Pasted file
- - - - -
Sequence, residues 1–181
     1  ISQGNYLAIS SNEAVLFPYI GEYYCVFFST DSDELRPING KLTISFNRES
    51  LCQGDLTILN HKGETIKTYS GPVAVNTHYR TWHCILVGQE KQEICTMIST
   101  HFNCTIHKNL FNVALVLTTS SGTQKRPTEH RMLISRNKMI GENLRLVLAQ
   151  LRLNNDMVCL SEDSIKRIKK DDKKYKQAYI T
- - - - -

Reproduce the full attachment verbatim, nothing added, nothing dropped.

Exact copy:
Sequence, residues 1–181
     1  ISQGNYLAIS SNEAVLFPYI GEYYCVFFST DSDELRPING KLTISFNRES
    51  LCQGDLTILN HKGETIKTYS GPVAVNTHYR TWHCILVGQE KQEICTMIST
   101  HFNCTIHKNL FNVALVLTTS SGTQKRPTEH RMLISRNKMI GENLRLVLAQ
   151  LRLNNDMVCL SEDSIKRIKK DDKKYKQAYI T